The long-standing electric crisis resurfaces in Al-Anbar


Shafaq News / Iraq's electricity crisis has recently worsened across Al-Anbar, and the level of power supply has dropped to less than two hours per day in some cities.

The crisis has put the population at the mercy of civil generator owners, which has weighed heavily on them due to the ever-rising electricity prices, amid demands for quick solutions to provide electricity.

Despite construction and rehabilitation campaigns in the governorate since its liberation, some cities and villages have only had electricity through a monthly subscription to civil generators.

The cities in which construction has started and the electricity system has been repaired suffer from a significant decline in power supply, which has prompted its officials to demand solutions and put an end to paying hundreds of dinars for four or five ampers that do not even meet the houses' need.

"My salary does not exceed 400,000 dinars as a contract employee of the Ministry of Water Resources, and because of the poor electricity processing, and similar to all the Iraqi people, I pay a monthly subscription price for a civil generator so I can use a fan and watch the news to know what calamities will come to us yet," said Ali Saleh, a resident of Al-Habbaniyah district east of Al-Anbar, "This month I paid 115,000 dinars for only five ampers, and I do not know how to provide for my seven-members family during the rest of the month. So I think I have to find another job to pay electricity wages."

"I get my social welfare salary, 300,000 dinars, every two months, and this month I paid 126,000 dinars to the owner of the generator, whom I already owe 118,000 dinars. So I have only 56,000 dinars left to support my family for the next two months," said Amer Hamdi, a resident from Fallujah district, located 60 kilometers west of Baghdad.

"The problem of the electricity file in Rawa district is not different. Rawa is linked to Haditha and Anna, and the power generation comes through Haditha district which receives the bulk of the electricity. Only the surplus of it reaches us in Rawa," said Hussein Ali, Rawa district's administrator, "This problem is reflected on the electricity generators. The only victim is the citizen, as the prices of the power will rise."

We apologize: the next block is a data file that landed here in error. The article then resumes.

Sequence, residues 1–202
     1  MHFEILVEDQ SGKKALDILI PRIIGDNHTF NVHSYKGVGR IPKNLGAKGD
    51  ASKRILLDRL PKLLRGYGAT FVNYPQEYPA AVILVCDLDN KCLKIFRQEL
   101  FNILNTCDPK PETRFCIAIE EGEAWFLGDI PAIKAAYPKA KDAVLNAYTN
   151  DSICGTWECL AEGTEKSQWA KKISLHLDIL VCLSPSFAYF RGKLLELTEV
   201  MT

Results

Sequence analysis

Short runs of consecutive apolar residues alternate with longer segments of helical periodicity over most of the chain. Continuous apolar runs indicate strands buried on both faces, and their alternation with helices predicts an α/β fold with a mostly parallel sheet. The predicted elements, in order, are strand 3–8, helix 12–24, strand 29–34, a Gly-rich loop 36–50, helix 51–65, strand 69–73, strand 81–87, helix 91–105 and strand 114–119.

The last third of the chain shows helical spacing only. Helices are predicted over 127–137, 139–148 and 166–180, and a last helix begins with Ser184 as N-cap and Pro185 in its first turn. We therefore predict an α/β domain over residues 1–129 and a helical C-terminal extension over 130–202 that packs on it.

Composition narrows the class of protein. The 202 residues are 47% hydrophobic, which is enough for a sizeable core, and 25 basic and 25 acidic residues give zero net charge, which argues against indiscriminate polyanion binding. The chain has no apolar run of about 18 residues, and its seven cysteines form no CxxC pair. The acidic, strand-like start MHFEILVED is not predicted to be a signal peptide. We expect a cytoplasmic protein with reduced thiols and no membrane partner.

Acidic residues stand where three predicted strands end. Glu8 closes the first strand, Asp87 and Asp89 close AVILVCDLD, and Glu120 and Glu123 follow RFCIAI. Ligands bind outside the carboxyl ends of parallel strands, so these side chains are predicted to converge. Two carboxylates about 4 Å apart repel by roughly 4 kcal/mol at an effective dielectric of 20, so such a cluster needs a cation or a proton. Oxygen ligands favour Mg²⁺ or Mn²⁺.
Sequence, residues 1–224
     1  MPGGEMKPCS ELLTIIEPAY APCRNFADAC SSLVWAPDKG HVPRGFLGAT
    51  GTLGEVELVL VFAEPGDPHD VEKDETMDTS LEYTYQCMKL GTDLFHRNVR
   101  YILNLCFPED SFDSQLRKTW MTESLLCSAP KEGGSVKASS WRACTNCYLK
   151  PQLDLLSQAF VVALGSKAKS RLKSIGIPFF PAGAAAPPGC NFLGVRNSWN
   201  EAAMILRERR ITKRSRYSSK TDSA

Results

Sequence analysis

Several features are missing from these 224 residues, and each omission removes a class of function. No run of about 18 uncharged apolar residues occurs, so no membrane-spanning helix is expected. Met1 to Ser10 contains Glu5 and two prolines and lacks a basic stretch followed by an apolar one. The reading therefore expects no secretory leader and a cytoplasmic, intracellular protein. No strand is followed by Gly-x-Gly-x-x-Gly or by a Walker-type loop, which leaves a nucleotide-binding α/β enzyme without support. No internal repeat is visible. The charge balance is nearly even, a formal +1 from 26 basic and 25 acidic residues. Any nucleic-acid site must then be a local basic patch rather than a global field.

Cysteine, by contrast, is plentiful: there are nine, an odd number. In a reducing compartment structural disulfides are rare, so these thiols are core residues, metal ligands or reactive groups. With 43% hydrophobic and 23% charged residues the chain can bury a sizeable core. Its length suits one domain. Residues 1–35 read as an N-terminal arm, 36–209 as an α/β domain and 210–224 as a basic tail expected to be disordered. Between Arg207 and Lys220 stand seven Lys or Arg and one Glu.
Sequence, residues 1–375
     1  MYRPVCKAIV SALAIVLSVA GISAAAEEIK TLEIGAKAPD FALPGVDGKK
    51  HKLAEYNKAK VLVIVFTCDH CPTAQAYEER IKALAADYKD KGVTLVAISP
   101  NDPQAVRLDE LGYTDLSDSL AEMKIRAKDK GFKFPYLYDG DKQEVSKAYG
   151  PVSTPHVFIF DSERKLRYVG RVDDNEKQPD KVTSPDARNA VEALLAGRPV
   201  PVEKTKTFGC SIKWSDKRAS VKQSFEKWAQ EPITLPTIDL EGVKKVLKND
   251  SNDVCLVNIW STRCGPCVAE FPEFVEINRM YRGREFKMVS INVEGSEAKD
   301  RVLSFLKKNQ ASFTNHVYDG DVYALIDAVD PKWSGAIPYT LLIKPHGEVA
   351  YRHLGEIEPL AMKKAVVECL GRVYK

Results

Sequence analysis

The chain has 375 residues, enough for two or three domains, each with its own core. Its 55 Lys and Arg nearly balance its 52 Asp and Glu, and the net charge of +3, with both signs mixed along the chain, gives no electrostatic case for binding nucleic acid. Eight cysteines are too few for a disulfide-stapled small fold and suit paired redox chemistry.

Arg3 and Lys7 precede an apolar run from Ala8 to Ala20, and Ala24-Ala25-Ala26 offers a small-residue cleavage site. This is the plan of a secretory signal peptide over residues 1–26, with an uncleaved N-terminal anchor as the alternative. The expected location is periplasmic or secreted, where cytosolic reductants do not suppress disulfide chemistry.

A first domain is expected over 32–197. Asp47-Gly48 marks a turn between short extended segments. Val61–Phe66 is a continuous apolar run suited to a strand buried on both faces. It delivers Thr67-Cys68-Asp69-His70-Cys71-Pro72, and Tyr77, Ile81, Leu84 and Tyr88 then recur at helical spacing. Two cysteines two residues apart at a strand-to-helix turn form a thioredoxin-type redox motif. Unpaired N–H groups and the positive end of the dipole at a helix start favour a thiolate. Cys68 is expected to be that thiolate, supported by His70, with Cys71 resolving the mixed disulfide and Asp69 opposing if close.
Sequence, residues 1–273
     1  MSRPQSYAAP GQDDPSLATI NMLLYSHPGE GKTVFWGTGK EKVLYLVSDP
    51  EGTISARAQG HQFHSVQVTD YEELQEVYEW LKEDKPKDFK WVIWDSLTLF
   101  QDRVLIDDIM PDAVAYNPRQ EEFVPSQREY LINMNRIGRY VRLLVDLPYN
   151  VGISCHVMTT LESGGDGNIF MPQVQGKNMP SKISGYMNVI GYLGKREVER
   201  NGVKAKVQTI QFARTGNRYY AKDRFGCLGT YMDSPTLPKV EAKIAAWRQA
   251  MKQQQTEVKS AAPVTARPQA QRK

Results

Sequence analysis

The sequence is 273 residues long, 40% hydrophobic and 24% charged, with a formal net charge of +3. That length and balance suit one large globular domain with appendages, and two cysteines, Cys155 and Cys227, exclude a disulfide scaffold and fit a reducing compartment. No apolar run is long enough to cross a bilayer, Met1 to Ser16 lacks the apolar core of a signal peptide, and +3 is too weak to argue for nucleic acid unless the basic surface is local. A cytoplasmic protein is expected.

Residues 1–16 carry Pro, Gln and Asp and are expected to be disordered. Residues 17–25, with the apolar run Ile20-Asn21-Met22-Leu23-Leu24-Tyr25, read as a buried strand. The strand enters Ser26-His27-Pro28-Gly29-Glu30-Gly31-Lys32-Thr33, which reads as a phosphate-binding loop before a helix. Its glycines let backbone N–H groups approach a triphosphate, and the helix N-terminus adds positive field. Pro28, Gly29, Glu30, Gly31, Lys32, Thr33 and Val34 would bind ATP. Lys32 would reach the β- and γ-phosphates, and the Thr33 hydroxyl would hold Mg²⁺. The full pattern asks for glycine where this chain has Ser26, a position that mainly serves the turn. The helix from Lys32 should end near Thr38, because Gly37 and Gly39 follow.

"Rawa district should be given a share of Haditha district's power plant. Likewise, Rawa and Anna districts should be given full shares. Otherwise, it will harm us as local administrations, and that is our only demand," Ali added.

Regarding alternative solutions, Ali said, "In Rawa, we have a 132kv station, and approvals for its rehabilitation have been obtained. As soon as this station enters service, it is expected that we will be self-sufficient with electricity. Therefore, we demand that the rehabilitation procedures be facilitated to eliminate this problem."

As for the solutions that the population demands from the local government in Al-Anbar, Aziz Khalaf Al-Tarmouz, Al-Anbar's governor's energy advisor, said that the question of what solutions must be taken should be addressed to the current minister of electricity and former electricity ministers who have lied to the Iraqi people unchecked, "The Ministry of Electricity is a sovereign ministry in this regard, and it is not possible to install power generator or sign a contract with an investor until the ministry has been consulted, so the ministry must finalize these policies."

He continued, "Civil generators have become a ministry, and we all rely almost entirely on them, so civil generators must be supported because the ministry pledges something new every day without any result."

"We have invited investment companies, received them, negotiated with them, and facilitated their tasks. Very close results will be seen from the installation of solar-powered plants, similar to neighboring countries," Al-Tarmouz concluded.

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